Annan's resignation was announced by UN Secretary General Ban Ki-moon, who expressed "deep regret" on Annan's decision to step down as the international envoy. "Annan has informed me, and the Secretary-General of the League of Arab States, Nabil El Araby, of his intention not to renew his mandate when it expires on Aug 31, 2012," Ban said in a statement here.
Ban said he is consulting with El-Araby to appoint a successor to Annan who can "carry on this crucial peacemaking effort". Ban expressed his deepest gratitude to Annan for the "determined and courageous efforts" he made as the Syrian joint special envoy. Annan "deserves our profound admiration for the selfless way in which he has put his formidable skills and prestige to this most difficult and potentially thankless of assignments".
Annan's resignation comes six months after he was appointed by the UN to engage with President Bashar Al-Assad's government and the rebel forces to bring an end to the violence in Syria which has so far left nearly 10,000 people dead and thousands more displaced.
Blaming the Syrian government and opposition forces, Ban said they continue to demonstrate their determination to rely on ever-increasing violence. He also expressed his dissatisfaction with the UN Security Council that has remained sharply divided over the measures that should be taken against Assad's regime.
"In addition, the persistent divisions within the Security Council have themselves become an obstacle to diplomacy, making the work of any mediator vastly more difficult," the UN chief said. Annan assumed his post in Feb and had proposed a six point peace plan that called for an end to violence, access for humanitarian agencies to provide relief to those in need, the release of detainees, the start of inclusive political dialogue, and unrestricted access to the country for the international media.
The former UN chief had also met Assad to press him to end the crackdown on civilians and to restore peace in his country.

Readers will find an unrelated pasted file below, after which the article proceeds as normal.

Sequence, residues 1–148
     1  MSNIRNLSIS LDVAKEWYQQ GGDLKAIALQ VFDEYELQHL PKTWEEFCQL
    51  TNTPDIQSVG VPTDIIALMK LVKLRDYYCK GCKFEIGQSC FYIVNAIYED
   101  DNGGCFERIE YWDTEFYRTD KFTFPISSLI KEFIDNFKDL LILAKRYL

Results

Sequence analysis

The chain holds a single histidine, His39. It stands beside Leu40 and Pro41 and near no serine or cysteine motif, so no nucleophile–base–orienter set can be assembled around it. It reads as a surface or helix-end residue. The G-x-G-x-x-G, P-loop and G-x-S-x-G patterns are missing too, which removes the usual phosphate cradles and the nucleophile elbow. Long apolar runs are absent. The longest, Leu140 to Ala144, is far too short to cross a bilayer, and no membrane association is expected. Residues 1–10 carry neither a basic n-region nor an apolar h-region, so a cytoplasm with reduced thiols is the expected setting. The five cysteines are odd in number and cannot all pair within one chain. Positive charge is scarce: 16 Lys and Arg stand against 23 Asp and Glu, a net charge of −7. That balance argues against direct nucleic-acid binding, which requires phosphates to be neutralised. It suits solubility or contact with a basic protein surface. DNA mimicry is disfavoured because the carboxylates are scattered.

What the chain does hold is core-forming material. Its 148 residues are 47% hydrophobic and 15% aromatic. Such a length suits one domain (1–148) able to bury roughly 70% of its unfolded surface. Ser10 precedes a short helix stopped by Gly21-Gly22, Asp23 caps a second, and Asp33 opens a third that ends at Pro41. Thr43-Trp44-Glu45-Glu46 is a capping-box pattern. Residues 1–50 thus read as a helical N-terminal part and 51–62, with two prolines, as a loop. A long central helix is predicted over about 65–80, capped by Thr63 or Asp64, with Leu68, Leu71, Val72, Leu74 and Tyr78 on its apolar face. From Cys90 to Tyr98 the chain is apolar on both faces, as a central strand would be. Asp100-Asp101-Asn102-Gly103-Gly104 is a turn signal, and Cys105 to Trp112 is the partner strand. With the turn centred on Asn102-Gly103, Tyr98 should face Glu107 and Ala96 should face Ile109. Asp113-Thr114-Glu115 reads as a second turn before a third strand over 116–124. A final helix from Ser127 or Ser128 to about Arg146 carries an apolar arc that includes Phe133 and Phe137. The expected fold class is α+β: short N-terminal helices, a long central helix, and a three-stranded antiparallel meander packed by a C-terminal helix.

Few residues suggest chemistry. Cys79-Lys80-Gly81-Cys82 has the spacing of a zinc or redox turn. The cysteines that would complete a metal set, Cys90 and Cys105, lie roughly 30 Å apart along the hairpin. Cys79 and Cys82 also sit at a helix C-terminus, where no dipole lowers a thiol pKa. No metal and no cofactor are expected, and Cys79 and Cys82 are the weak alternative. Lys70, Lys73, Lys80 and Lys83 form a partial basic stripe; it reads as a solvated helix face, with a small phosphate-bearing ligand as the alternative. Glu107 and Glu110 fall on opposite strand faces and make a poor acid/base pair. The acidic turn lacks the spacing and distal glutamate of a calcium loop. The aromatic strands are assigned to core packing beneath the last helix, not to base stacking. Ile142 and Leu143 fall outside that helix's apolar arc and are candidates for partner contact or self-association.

During his tenure, he had also met with leaders like Russia's President Vladimir Putin and Foreign Minister Sergei Lavrov focusing on what measures need to be taken to end the violence and the killing in Syria and how to proceed with a political transition there.
The UN Chief expressed concern at the escalating violence in Syria saying "more bloodshed is not the answer; each day of it will only make the solution more difficult while bringing deeper suffering to the country and greater peril to the region".
"Tragically, the spiral of violence in Syria is continuing. The hand extended to turn away from violence in favour of dialogue and diplomacy - as spelled out in the Six-Point Plan - has not been not taken, even though it still remains the best hope for the people of Syria," he said.
Ban said Annan worked within the mandate provided to him by the General Assembly and with the cooperation of various member states adding that he is indebted to Annan and his team for their efforts to restore peace in Syria.
"I will continue to draw on his wisdom and counsel, and on the work of the Office of the Joint Special Envoy," Ban said.
The UN Chief reiterated the commitment of the world body to pursue through diplomacy and bring an end to the violence and put in place a Syrian-led solution that meets the legitimate democratic aspirations of its people.
"This can only succeed - indeed any peacemaking effort can only prosper - when the parties to the violence make a firm commitment to dialogue, and when the international community is strongly united in support," he said.